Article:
Thursday, October 1, 2020

Book 253: Less


 "He kisses—how do I explain it? Like someone in love. Like he has nothing to lose. Like someone who has just learned a foreign language and can use only the present tense and only the second person. Only now, only you. There are some men who have never been kissed like that. There are some men who discover, after Arthur Less, that they never will be again."

Dates read: August 6-9, 2018

Rating: 8/10

Lists/awards: Pulitzer Prize

Can we ever really run away from our problems? The conventional wisdom is no, and for the most part I agree with that. Many of our issues are rooted in our own patterns of behavior and a change of scenery does nothing to fix that. But there sometimes is utility in getting out of a toxic environment. Being outside of our ruts in our personal roads can help us see them more clearly. New experiences can refocus our attention on what we really value. And besides, sometimes even just a break from what ails us can give us the strength to push through.

In Andrew Sean Greer's Pulitzer Prize-winning Less, the titular Arthur Less, a writer, decides to take a trip around the world in the face of two upsetting events: his fiftieth birthday, and the marriage of his sort-of-boyfriend of nearly a decade, Freddy Pelu, to another man. Nothing seems to be going quite right for him: after an auspicious debut, his subsequent novels have declined in both sales and critical acclaim, and he worries that the closest he will come to genius were his years dating Robert Brownburn, an acclaimed poet, and being in Robert's circle of writer and artist friends. When an invite to Freddy's wedding arrives, Less can't bring himself to either accept and be the subject of pitying looks or decline and know he'll set the gossip wheels turning with speculation that he's bitter. So he decides to be absent, creating a trip around the world for himself by accepting invitations for various and sundry events that he'd shoved in a drawer and never intended to actually respond to.

Less begins by leaving San Francisco for New York, where his new novel is gently declined by his publisher. And then it's off to Mexico, then France, then Italy for a prize ceremony for a translation of his book, then Germany to teach a summer course, then a trip to Morocco with friends, then a retreat in India to work on his book, then Japan to write an article about food for a travel magazine, and finally back, having neatly avoided both his birthday and the wedding. Along the way he runs into an ex he doesn't recognize, has a fling with academic, gets a custom-made suit, steps on a needle, and has to destroy his way out of a room. We get perspective on the life he's led through both his own reminisces and the voice of a narrator, whose identity is finally revealed to us as Arthur Less gets home.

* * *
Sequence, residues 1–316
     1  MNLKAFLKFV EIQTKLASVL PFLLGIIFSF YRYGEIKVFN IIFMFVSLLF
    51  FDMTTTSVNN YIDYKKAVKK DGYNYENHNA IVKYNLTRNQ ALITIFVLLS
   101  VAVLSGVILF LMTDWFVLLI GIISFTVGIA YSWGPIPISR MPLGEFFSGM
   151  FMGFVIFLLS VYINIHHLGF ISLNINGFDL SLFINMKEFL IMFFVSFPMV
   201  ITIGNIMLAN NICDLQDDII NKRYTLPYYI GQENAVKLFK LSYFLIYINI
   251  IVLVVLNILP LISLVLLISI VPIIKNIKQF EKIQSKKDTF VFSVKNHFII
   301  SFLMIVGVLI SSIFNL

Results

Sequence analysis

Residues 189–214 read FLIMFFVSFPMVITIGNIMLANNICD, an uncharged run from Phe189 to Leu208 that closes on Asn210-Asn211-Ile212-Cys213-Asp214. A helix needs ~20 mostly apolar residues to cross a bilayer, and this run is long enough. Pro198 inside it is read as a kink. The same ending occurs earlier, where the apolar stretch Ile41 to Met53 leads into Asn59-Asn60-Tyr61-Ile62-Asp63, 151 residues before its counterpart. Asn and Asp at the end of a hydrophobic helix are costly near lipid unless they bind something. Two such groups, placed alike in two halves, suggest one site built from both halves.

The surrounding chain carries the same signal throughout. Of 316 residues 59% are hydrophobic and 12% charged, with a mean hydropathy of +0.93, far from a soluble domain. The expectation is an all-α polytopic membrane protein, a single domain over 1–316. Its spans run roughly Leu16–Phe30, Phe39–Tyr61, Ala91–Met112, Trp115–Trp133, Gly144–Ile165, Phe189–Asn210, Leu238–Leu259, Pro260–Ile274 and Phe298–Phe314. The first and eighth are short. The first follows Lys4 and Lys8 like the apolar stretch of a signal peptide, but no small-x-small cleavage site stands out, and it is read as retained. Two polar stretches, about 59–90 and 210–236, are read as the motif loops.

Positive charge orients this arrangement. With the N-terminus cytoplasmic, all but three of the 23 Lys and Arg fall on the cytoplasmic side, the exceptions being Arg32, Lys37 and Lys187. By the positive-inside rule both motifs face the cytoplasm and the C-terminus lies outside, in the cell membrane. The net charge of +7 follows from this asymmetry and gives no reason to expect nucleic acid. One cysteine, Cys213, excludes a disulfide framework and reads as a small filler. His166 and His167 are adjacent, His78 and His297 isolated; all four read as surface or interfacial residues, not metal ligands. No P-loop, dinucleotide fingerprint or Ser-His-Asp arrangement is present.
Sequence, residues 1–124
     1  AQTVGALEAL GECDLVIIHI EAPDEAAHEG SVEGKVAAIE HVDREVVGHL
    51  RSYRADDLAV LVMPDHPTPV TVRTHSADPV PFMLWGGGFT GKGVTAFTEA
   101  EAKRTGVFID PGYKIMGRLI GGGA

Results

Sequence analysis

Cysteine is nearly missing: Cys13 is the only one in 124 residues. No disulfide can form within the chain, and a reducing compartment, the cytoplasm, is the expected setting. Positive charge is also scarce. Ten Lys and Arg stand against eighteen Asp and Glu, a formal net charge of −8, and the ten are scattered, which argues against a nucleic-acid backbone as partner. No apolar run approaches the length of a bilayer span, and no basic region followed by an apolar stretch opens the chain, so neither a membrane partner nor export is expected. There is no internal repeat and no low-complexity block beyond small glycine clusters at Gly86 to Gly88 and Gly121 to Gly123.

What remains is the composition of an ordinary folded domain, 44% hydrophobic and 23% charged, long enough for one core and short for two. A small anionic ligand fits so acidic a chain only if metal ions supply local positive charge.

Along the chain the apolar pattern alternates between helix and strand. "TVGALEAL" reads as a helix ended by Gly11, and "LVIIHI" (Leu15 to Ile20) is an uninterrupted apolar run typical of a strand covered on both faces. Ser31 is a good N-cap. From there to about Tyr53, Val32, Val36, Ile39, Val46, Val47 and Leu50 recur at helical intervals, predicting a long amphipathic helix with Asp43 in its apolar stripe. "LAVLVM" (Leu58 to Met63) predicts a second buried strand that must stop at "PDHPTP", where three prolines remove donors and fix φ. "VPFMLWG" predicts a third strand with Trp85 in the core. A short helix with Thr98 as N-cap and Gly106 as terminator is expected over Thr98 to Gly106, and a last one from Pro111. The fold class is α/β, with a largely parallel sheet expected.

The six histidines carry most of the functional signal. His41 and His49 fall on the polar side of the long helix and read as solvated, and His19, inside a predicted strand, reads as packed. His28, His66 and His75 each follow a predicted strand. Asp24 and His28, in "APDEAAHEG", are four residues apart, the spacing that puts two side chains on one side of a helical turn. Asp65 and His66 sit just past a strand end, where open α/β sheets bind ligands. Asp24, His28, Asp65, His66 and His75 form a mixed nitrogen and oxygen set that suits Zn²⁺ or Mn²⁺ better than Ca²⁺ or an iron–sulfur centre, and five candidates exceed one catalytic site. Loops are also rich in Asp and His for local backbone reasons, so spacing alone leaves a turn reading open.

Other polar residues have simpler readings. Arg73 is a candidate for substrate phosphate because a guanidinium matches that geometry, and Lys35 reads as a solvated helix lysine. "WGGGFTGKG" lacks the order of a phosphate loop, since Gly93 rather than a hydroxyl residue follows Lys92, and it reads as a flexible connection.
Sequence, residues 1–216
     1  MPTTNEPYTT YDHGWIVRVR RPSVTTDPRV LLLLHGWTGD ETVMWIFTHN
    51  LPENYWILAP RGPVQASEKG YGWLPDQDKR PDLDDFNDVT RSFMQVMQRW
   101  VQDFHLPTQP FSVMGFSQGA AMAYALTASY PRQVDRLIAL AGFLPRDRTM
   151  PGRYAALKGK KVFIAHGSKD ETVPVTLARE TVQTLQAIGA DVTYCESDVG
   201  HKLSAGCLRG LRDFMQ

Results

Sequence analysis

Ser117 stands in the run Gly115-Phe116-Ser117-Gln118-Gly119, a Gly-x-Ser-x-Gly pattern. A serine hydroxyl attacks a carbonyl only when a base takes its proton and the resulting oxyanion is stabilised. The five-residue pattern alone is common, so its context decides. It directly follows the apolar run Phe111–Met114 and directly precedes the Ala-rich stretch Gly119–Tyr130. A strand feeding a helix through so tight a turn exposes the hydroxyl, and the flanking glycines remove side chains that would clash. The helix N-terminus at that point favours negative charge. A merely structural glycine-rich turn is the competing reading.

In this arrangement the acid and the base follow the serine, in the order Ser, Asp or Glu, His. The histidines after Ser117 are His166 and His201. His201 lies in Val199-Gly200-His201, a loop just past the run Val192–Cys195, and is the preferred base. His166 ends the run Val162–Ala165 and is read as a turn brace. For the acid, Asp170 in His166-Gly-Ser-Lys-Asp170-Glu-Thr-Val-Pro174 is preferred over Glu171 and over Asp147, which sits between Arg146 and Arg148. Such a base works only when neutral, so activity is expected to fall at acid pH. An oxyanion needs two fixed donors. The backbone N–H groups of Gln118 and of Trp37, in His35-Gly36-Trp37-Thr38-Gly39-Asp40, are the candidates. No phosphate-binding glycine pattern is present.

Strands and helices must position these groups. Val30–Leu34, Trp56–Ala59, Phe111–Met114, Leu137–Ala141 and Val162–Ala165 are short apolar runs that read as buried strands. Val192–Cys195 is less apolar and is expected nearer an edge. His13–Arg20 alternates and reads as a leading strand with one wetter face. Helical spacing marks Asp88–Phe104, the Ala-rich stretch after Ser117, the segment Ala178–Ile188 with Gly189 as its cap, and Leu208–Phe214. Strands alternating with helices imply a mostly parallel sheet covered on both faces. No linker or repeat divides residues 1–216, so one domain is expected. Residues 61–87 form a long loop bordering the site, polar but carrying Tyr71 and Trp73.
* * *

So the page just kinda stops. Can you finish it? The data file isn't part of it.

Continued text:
I'll admit I was a little skeptical when this was chosen as a selection for my book club. "Funny" books can land wildly differently depending on the reader, and "prize-winning funny" does not tend to be a type of humor I find especially enjoyable. But what a delight this book was! I've talked before about how much my experience of a book can be impacted by what else I've read in the same time frame, and after the self-serious, sometimes ponderous Shantaram, the breezy lightness of Less just hit the spot. But it's not just a fluffy book at all. It's filled with sharp observations and resonant character notes, and the propulsive forward motion of the journey keeps the plot moving at a nice clip. It never gets bogged down anywhere. And while managing all that, it also excels at blending the moments of humor with sweetly poignant emotional work.

Writing a funny-yet-grounded book is hard, y'all. So many things to be balanced, and the Pulitzer has to be at least in part a recognition of how very well Greer crafted his work. Why, after all this gushing, is this not an even-more-highly-rated book for me? Two things: it didn't linger in my mind (books that I rate 9 or 10 stars stick with me long after reading), and the narrator reveal. While I thought it was an emotionally satisfying way to end the book, it didn't make logical sense, which spoiled it ever so slightly. That being said, it's a wonderful book that I heartily enjoyed, with meditations on aging, love, dignity, and identity that run beneath the parts that make you laugh to make you think. I'd recommend it to everyone!

One year ago, I was reading: The Age of Miracles

Two years ago, I was reading: Flip

Three years ago, I was reading: The Bonfire of the Vanities

Four years ago, I was reading: Sophie's Choice

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